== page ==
3PL Summit: from employees forming a bottleneck to the digital value chain

The pace of change, the turbulence it is causing and the need for agile supply chains – all of these things became clear during the Eye For Transport (EFT) 3PL & Supply Chain Summit held from 30-31 October in Düsseldorf. Human emotions sometimes get in the way of business decisions, according to companies, but at the same time that is one of the key benefits of ‘man’ versus ‘machine’. Human emotions also enable consumers to express their needs – and employees with the right skillsets to successfully identify them. And as for technology, it is being leveraged to optimize processes.

By Marysa Vos

Companies are undergoing digital transformations and shifting their focus. For example, Volker Schmitz, VP Supply Chain at HP, explained that the company has developed a digital value chain. Instead of being internally focused on its own data, HP now makes decisions based on community data and analytics. The technology market is growing, creating a rising demand for the production of computers and printers.

HP is eagerly capitalizing on the need for on-demand cartridges and 3D printers. “Ink is something you have to buy, but only when you really need it”, said Schmitz. HP’s Instant Ink subscription service supplies ink when that time comes. The smart printer transmits a signal when the cartridge is empty, so the consumer never has to go without. Hence, the value benefit of HP’s Instant Ink is ‘convenience’.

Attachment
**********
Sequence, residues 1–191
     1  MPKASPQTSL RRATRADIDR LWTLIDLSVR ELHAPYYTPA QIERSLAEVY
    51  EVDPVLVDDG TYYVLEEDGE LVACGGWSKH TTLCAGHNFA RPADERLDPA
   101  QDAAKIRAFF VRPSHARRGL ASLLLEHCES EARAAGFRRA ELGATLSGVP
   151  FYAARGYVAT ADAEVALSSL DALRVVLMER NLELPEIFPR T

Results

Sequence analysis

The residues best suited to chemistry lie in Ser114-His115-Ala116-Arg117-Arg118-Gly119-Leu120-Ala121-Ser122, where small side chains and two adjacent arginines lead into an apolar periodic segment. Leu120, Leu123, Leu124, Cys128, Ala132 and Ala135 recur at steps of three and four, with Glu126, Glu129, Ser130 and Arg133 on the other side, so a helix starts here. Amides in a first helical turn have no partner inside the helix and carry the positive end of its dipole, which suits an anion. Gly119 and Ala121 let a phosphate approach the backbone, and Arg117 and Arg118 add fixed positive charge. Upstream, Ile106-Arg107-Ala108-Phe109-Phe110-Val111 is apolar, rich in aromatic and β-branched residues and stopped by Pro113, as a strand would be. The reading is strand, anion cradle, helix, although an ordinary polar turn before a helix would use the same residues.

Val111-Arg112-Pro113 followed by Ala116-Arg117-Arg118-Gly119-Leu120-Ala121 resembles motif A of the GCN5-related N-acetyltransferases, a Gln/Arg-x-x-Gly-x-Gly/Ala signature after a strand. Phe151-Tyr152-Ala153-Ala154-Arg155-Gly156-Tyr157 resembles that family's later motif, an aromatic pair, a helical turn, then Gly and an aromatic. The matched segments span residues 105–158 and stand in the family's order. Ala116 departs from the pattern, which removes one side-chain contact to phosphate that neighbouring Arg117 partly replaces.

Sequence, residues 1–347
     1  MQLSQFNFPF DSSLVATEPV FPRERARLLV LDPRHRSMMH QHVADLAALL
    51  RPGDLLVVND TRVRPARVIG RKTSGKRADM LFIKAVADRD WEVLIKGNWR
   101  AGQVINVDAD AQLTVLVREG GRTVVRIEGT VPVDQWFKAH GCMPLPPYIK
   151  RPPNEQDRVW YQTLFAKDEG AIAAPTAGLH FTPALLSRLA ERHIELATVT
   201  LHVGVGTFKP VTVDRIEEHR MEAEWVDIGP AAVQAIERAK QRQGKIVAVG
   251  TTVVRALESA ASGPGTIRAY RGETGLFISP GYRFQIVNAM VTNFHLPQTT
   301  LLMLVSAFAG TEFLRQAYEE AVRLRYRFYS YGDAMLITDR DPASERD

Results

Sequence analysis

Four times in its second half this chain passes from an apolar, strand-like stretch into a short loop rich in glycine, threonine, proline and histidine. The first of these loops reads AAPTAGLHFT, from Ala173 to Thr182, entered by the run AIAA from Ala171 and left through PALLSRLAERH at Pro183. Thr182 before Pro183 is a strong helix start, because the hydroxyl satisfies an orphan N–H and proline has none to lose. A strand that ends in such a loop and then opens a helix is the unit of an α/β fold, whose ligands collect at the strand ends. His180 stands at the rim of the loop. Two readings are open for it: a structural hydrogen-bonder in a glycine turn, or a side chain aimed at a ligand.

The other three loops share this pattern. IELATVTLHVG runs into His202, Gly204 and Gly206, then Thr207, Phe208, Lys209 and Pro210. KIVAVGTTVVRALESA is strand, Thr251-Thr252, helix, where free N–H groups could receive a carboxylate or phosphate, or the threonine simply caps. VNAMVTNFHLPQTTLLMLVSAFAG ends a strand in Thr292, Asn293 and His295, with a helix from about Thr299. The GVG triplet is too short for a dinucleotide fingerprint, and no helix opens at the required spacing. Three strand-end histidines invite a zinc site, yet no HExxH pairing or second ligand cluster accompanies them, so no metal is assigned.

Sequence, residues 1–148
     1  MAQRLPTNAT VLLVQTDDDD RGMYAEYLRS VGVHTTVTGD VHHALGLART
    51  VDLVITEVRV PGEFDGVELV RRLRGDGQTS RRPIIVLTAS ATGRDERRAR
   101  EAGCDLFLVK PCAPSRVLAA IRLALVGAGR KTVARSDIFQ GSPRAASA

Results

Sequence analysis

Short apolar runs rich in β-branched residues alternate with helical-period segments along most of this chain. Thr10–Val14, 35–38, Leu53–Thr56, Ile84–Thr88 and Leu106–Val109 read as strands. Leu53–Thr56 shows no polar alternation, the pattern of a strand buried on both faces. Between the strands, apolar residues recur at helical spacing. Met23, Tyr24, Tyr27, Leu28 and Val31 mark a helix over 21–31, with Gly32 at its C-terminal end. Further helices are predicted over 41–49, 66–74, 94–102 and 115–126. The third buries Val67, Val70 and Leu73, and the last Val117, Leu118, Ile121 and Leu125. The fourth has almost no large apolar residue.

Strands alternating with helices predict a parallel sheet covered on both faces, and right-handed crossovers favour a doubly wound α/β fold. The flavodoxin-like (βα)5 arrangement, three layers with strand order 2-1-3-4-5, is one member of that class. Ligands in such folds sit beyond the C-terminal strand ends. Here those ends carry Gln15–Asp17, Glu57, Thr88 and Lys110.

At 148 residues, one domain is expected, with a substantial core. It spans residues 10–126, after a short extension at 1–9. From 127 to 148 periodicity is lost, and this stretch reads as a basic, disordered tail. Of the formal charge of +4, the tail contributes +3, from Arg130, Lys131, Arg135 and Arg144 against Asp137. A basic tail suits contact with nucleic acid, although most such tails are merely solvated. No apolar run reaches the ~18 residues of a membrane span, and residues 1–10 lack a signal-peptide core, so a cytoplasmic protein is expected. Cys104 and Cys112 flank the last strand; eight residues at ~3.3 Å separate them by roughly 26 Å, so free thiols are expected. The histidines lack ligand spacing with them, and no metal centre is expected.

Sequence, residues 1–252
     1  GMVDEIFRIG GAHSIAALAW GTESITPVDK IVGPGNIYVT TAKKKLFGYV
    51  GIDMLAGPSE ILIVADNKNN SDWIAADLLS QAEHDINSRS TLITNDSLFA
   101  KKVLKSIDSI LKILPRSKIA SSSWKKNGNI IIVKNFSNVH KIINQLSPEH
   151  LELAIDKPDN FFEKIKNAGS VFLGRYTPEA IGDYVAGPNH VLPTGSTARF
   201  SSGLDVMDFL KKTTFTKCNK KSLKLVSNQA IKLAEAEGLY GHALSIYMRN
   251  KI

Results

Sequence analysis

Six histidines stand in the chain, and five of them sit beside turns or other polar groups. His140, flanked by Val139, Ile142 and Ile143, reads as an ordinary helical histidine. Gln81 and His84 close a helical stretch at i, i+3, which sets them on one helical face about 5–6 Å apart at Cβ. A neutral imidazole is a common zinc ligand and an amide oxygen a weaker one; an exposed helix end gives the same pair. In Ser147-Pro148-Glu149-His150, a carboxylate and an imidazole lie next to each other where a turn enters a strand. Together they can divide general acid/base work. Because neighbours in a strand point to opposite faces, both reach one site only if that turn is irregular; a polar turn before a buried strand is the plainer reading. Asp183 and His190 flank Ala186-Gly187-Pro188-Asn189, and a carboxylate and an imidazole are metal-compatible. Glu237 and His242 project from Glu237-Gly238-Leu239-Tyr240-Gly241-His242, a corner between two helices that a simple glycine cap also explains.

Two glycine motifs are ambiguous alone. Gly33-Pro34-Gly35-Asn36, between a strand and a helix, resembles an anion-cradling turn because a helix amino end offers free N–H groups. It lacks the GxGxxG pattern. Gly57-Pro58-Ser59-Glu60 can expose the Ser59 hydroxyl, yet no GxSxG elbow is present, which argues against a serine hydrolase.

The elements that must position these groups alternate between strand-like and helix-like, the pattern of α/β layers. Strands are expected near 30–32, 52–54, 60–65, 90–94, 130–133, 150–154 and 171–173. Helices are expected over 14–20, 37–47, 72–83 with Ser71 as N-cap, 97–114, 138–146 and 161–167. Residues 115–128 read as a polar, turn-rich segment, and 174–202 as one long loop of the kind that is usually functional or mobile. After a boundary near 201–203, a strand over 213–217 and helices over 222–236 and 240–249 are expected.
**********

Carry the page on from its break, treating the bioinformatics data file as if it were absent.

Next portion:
Besides that, HP’s 3D printers are helping to improve supply chain efficiency. Schmitz predicted that 3D printing will change the face of the manufacturing industry over the coming years. “3D printing is a catalyst of the fourth digital revolution, and 3D printing has helped HP to reduce 95% of its costs already.” According to the EMEA Supply Chain Operator, it is time to invest and innovate rather than wait and see.

When employees form a bottleneck

The speed of the fourth digital revolution (Industry 4.0) is requiring companies to be proactive and agile to respond to changes in the supply chain. Although the technologies must be transformational, the employees are even more important, stated Dirk Holbach, Corporate VP Supply Chain at Henkel: “Employees have to keep up with the pace of change, because they form the bottleneck when it comes to new technologies.”

Luis Miguel del Saz Rodríguez, Head of Digital Transformation Ordering & Logistics PZ at Airbus, echoed the importance of employee development. “You need to know a little bit about everything and always be open to learning more”, said Del Saz Rodríguez. But he added that companies who want to retain the right people and expect their workforce to keep up with the pace of change also have to meet employees’ needs: “If you want to attract millennials who have knowledge and experience of new technologies, you will need to offer them something in return.”

Keeping emotions out of forecasts

In the manufacturing sector, Industry 4.0 advancements such as artificial intelligence and machine learning will change the face of the workforce as we know it. According to Holbach, one of Henkel’s most important trump cards is that the company has employees with the right skillsets: “Last year we recruited people for roles with very different profiles than in the previous year.” He foresees a future in which there will be less interaction between people and processes as a way of keeping emotions out of forecasts, but he believes that ‘man’ and ‘machine’ will continue to collaborate in order to improve performance.